New York Daily News' Scores

For 6,718 reviews, this publication has graded:
  • 42% higher than the average critic
  • 3% same as the average critic
  • 55% lower than the average critic
On average, this publication grades 6.7 points lower than other critics. (0-100 point scale)
Average Movie review score: 56
Highest review score: 100 Atanarjuat: The Fast Runner
Lowest review score: 0 I Hope They Serve Beer in Hell
Score distribution:
6718 movie reviews
  1. Airplane loses its buoyancy. Jim Abrahams, David Zucker and Jerry Zucker, who share both writing and directorial credits, become so desperate for laughs that the jokes descend to a much cruder level. And Airplane does an abrupt nosedive, turning a hopelessly flat movie, sparked only by the occasional appearances of Lloyd Bridges as an easily rattled air traffic controller whose nerves are such he depends on booze and pills to keep himself going on the job.
  2. Becomes too melodramatic and bleakly obvious. Weaving, though, as always, is never less than magnetic.
  3. Shares a spiritual link to the Japanese works of Hayao Miyazaki but lacks his films' narrative drive and magical overlay.
  4. Goes about its game so bloodlessly, the result is some of the most unexciting action and seduction sequences in recent memory.
  5. Gere and Grace do make a decent odd couple, but neither seems entirely committed.
  6. Children, of course, won’t notice the political subtext. But do be prepared for them to exit the theater demanding that you make only Tofurkey in the future.
  7. Anthony Byrne's lazy drama is insulting to just about everyone, including Maeve Binchy, who wrote the short story on which it was based. But nobody fares well, especially cast members Vanessa Redgrave, Brenda Fricker and Imelda Staunton.
  8. The story here, like a lot of bar bands, goes loud to cover up mediocrity. When Streep sings, though, so does the film.
  9. Director Sergei Bodrov’s movie is based on a kids’ book in which Tom was a 12-year-old, and the actors wisely pitch their performances to a young crowd.
  10. There’s a line between artfully contemplative and just plain boring. This film eventually crosses it into Snoozeville.
  11. The deeply private, intensely ideological and undeniably brilliant Watterson would make an absolutely fascinating subject. But director Joel Allen Schroeder has no access to him. So instead he talks a lot about how much he loves “Calvin and Hobbes” and then invites other fans to do the same.
  12. Racing enthusiasts will appreciate historical footage, while a thread about a new student overwhelmed by his responsibilities has promise. But after a decent start, Marquet stumbles, never making it across the finish line.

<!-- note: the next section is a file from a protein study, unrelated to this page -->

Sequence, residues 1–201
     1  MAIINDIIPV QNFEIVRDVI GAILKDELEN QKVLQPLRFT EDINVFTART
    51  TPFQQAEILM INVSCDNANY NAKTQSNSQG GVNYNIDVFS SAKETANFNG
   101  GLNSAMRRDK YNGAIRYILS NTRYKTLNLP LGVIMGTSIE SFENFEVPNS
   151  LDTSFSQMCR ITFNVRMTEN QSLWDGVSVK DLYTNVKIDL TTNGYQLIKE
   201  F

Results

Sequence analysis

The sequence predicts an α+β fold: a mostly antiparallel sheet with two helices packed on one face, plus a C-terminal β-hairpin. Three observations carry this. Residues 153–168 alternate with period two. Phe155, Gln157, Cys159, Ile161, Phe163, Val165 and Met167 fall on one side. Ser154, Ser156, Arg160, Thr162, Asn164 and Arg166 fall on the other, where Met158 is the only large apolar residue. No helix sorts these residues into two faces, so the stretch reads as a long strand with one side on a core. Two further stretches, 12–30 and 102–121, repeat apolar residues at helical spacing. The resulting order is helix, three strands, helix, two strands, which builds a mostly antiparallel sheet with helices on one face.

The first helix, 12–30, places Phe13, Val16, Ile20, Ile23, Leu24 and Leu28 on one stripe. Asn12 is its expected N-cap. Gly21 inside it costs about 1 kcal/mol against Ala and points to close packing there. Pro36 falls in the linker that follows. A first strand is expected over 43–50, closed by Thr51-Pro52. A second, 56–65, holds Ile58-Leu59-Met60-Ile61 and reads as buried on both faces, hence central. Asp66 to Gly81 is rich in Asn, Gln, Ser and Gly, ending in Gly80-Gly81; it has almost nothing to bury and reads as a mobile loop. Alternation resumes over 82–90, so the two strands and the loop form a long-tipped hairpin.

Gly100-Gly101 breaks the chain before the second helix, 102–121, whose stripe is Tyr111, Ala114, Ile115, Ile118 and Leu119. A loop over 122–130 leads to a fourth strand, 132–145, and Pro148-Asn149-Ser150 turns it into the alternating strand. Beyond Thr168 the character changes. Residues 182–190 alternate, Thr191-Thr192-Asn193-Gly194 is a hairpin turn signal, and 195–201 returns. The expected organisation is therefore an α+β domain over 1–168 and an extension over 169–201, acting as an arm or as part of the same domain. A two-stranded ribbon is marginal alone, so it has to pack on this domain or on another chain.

13. Weitz – who did a great job adapting Nick Hornby's "About a Boy" into an affecting 2002 movie – can't bring the pieces together here.
  14. It would have been helpful had Smith put his words into some sort of context, allowing others to assess his theories. Instead there's simply Ruppert, talking, raging and warning, as if his very life depended on it.
  15. Jones co-wrote the uneven script with Will McCormack, and one can't help wishing she'd aimed higher. Acknowledging cineplex clichés isn't enough if you still wind up embracing, rather than subverting, them.
  16. Though the cast is energetic and the intrigues diverting, you'll have to distance yourself from reality to enjoy so much outlandish scheming.
  17. Don't be fooled by the indie trappings: despite its downtown vibe, Lola Versus is as clichéd as any Hollywood rom-com.
  18. Cage, adopting an accent that could best be defined as Just British Enough to Sound Serious, adds some welcome weirdness to this otherwise generic production. He doesn’t fit in at all, but then again, who’d want him to?
  19. Too bad this would-be heir, Divergent, is so unimaginative and bland.
  20. The great David Strathairn can make any film watchable, but even he can’t save this dry dramatic thriller.
  21. A brazenly mindless thriller about the infinite capacities of the human brain. That said, sometimes we just want to shut down and give in to bombastic summer entertainment. In that regard, as usual, Besson delivers.
  22. As a film, the result is static, like Ang Lee’s similarly muddled “Taking Woodstock.”
  23. Empathy for the all-too-real plight of the working poor drives this heavy but bold indie. Sadly, though, it falters under the weight of too much drama.
  24. Feiffer sometimes gets snagged on the look-at-me nature of her meta-performance, veering from pathological to pathetic, and not always in the best way.
  25. Alas, the split-screen compositions, slow-motion effects, pensive closeups and prosthetic teeth can’t distract from what’s missing: Faulkner’s pointed but deeply buried observations of the human condition.
  26. Kessler has indeed made a film about a fame-chasing narcissist in desperate need of attention. But that has nothing to do with the guy we came to see.
  27. The only real reason to see it is for a luminous leading turn from Dakota Fanning as Brooklyn teen Lilly.
  28. Sometimes, less is more. Case in point: Thanks for Sharing, a film that’s a little too eager to be ID’d as a “sex addiction dramedy.” As a result, solidly grounded performances from almost all the cast members wind up playing second fiddle to navel-gazing.
  29. Despite early promise for a semi-interesting examination of teenage obsession, the film devolves into a standard, and not thrilling, body-count builder. And the “twist” ending is one of the more annoying in recent memory.
  30. It's the same movie town we've seen many times before, with dingy mechanic's shops, barren parking lots and a greasy-spoon diner where all the clichés come together.

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